Washington, DC (March 21, 2001) -- The U.S. Sentencing Commission voted yesterday to adopt an equivalency of 500 grams of marijuana to one gram of ecstasy for sentencing purposes, up from the previous equivalency level of 35 to one. The change in effect makes ecstasy five times more serious to possess or sell than heroin on a per-dose basis.
"This is a wholly political act, not one based on scientific evidence. The scientific experts we presented in the hearing before the Commission testified unequivocally that ecstasy is not addictive and causes none of the long-term harm caused by heroin, cocaine or methamphetamine," said National Association of Criminal Defense Lawyers President Edward Mallett, who also testified at Monday's hearing.
"The commissioners' stated desire was to be in line with the Justice Department, but they didn't have a rational reason to do so. This is a shameful abdication of their sworn duty as members of the judicial branch. Many sons and daughters will go to prison because they don't study federal rules before they go out on Saturday night," said Mallett.
"It is outrageous to tell young people that they'll get less punishment for heroin than for this comparatively much less dangerous drug," Mallett said. "The message is that hard narcotics aren't so bad after all."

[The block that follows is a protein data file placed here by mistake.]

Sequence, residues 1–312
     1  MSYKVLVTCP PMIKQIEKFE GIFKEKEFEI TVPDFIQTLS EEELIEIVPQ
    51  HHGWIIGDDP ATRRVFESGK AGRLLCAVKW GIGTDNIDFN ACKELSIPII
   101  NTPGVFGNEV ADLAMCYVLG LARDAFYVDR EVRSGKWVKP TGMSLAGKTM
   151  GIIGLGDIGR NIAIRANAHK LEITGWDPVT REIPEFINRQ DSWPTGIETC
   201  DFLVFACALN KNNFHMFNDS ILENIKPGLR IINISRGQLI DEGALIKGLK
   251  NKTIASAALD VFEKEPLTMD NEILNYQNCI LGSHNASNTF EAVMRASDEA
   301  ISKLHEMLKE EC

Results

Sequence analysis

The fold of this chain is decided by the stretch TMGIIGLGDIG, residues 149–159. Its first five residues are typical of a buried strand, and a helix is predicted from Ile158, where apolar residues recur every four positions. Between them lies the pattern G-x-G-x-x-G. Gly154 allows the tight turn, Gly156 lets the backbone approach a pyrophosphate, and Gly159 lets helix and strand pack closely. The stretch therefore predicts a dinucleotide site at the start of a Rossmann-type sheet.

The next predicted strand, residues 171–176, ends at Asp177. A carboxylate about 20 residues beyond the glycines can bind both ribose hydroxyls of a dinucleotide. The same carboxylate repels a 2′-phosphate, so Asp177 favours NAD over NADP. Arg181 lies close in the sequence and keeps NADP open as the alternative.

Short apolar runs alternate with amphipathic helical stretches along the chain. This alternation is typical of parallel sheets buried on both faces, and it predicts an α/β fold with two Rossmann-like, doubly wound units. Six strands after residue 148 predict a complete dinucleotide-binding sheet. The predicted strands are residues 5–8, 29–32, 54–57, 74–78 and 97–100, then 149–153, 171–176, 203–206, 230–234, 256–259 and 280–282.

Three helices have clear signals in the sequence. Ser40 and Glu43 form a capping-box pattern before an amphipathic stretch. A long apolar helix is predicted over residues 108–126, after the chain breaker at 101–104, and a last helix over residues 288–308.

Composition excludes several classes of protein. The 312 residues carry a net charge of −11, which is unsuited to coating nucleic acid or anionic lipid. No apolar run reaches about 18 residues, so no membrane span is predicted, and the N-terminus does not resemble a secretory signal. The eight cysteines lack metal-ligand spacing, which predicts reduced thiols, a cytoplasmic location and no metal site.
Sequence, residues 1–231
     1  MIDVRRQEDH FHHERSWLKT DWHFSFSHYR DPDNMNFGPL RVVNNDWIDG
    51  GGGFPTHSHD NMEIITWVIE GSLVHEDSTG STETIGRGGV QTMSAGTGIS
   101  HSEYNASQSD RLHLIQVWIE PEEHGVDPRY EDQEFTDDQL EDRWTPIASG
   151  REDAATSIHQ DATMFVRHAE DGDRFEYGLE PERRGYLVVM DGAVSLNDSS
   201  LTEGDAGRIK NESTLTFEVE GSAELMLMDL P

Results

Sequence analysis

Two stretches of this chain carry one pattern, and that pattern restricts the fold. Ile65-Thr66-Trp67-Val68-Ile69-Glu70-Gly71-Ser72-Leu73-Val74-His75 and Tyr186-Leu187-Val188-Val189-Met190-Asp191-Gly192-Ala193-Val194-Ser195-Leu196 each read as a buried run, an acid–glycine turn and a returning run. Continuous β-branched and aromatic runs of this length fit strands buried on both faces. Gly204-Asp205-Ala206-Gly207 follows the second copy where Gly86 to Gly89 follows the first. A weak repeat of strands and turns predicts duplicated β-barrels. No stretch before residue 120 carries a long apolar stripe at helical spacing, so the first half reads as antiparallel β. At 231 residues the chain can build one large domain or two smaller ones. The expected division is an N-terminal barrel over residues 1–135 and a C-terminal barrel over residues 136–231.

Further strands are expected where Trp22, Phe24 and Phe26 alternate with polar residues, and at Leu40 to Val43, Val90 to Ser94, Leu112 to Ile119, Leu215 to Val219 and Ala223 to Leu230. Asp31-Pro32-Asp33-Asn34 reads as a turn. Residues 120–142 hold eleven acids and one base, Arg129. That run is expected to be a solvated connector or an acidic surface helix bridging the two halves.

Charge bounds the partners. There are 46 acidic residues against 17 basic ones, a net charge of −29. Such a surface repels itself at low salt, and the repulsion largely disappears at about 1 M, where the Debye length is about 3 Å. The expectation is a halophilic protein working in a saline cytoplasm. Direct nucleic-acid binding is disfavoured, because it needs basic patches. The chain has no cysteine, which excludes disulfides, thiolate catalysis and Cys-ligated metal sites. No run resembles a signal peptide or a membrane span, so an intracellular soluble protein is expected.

Professors David Nichols of Purdue University and Charles Grob of UCLA testified at Monday's hearing at the request of NACDL. Both presented information about the non-addictive nature of ecstasy, as well as the lack of short- and long-term neuropsychological harm from its use.
Mallett is a criminal defense lawyer in Houston. He can be reached at (713) 228-1521 or (713) 444-8146 (cell). Professor Nichols can be reached at (765) 494-1461. Professor Grob can be reached at (310) 222-3112. Full text of Mallett''s written testimony, and our March 19, 2001, press release containing further information about the testimony at Monday's hearing, can be found at www.nacdl.org. The testimony and related materials are available by calling (202) 872-8600, ext. 228.
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NACDL Communications Department
The National Association of Criminal Defense Lawyers is the preeminent organization advancing the mission of the criminal defense bar to ensure justice and due process for persons accused of crime or wrongdoing. A professional bar association founded in 1958, NACDL's many thousands of direct members in 28 countries – and 90 state, provincial and local affiliate organizations totaling up to 40,000 attorneys – include private criminal defense lawyers, public defenders, military defense counsel, law professors and judges committed to preserving fairness and promoting a rational and humane criminal legal system.